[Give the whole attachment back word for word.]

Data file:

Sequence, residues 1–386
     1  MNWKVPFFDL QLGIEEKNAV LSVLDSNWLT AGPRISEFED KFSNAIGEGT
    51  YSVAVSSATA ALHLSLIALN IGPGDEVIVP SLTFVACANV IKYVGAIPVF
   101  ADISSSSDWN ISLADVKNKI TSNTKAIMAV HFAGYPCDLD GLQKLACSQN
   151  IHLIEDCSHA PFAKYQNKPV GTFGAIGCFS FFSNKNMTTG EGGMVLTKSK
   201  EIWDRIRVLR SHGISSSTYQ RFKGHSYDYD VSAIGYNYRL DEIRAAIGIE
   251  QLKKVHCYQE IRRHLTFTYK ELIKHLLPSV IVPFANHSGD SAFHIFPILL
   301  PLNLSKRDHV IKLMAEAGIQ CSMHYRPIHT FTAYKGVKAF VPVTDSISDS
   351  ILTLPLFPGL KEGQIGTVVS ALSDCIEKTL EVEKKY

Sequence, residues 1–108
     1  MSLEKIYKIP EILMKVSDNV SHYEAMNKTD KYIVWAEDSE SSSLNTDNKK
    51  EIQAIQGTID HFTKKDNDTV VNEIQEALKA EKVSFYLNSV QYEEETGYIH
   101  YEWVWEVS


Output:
Sequence, residues 1–386
     1  MNWKVPFFDL QLGIEEKNAV LSVLDSNWLT AGPRISEFED KFSNAIGEGT
    51  YSVAVSSATA ALHLSLIALN IGPGDEVIVP SLTFVACANV IKYVGAIPVF
   101  ADISSSSDWN ISLADVKNKI TSNTKAIMAV HFAGYPCDLD GLQKLACSQN
   151  IHLIEDCSHA PFAKYQNKPV GTFGAIGCFS FFSNKNMTTG EGGMVLTKSK
   201  EIWDRIRVLR SHGISSSTYQ RFKGHSYDYD VSAIGYNYRL DEIRAAIGIE
   251  QLKKVHCYQE IRRHLTFTYK ELIKHLLPSV IVPFANHSGD SAFHIFPILL
   301  PLNLSKRDHV IKLMAEAGIQ CSMHYRPIHT FTAYKGVKAF VPVTDSISDS
   351  ILTLPLFPGL KEGQIGTVVS ALSDCIEKTL EVEKKY

Sequence, residues 1–108
     1  MSLEKIYKIP EILMKVSDNV SHYEAMNKTD KYIVWAEDSE SSSLNTDNKK
    51  EIQAIQGTID HFTKKDNDTV VNEIQEALKA EKVSFYLNSV QYEEETGYIH
   101  YEWVWEVS